Human pylons carry electricity across Iceland
An architecture and design firm called Choi+Shine has submitted a design for the Icelandic High-Voltage Electrical Pylon International Design Competition which proposes giant human-shaped pylons carrying electricity cables across the country’s landscape.
The enormous figures would only require slight alterations to existing pylon designs, says the firm, which was awarded an honourable mention for its design by the competition’s judging board. It also won an award from the Boston Society of Architects Unbuilt Architecture competition.
The architecture firm said: «Making only minor alterations to well established steel-framed tower design, we have created a series of towers that are powerful, solemn and variable. These iconic pylon-figures will become monuments in the landscape. Seeing the pylon-figures will become an unforgettable experience, elevating the towers to something more than merely a functional design of necessity.»
The figures can be placed into different poses, with the suggestion that the landscapes could inform the position that the sculpture is placed into. For example, as a power line ascends a hill, the pylons could look as if they’re climbing. The figures could also stretch up to gain increased height over longer spans.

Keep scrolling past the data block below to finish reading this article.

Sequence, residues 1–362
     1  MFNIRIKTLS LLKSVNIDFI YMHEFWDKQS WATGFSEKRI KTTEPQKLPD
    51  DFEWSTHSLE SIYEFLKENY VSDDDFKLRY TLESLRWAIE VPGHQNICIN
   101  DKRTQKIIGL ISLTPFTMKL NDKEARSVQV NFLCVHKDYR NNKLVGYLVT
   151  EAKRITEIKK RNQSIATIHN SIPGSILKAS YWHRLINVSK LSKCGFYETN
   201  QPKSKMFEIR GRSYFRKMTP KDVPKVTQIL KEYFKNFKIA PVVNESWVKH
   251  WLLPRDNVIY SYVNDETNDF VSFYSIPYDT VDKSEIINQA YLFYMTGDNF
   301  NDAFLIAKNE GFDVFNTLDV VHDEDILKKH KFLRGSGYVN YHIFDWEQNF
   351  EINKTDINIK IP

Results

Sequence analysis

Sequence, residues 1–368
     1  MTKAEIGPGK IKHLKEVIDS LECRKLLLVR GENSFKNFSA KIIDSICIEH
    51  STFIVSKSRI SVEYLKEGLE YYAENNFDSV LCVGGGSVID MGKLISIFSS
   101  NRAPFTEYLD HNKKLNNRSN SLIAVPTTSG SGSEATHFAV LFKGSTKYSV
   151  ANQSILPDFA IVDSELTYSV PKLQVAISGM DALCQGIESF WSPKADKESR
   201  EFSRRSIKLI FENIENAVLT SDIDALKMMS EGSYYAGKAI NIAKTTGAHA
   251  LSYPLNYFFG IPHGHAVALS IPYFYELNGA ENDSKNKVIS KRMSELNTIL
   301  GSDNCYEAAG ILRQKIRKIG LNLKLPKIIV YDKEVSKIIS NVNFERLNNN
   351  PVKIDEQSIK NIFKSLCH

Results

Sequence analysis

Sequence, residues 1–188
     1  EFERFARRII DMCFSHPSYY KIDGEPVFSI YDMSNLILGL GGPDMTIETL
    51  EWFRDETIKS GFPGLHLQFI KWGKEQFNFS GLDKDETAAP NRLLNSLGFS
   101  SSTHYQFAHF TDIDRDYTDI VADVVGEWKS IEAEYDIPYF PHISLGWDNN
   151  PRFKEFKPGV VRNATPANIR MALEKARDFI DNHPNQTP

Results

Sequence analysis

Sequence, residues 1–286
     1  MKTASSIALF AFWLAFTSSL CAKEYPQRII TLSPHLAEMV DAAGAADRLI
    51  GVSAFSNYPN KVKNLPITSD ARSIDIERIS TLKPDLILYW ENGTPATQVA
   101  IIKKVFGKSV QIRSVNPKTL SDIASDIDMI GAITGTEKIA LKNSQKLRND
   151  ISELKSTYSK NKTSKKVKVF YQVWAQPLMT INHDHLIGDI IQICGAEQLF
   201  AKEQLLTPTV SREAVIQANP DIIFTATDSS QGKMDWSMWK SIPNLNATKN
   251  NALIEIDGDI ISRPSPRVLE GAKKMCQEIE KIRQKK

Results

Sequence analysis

«Subtle alterations in the hands and head combined with repositioning of the main body parts in the x, y and z-axis, allow for a rich variety of expressions. The pylon-figures can be placed in pairs, walking in the same direction or opposite directions, glancing at each other as they pass by or kneeling respectively, head bowed at a town,» said the architects.
That doesn’t mean the manufacturing process has to be complex, however. Each pylon is made from the same basic bits (head, arms, torso, legs, etc), which could be fabricated and then mounted into the desired position using pre-assembled joints.
Choi+Shine added: «Like the statues of Easter Island, it is envisioned that these one hundred and fifty foot tall, modern caryatids will take on a quiet authority, belonging to their landscape yet serving the people, silently transporting electricity across all terrain, day and night, sunshine or snow.»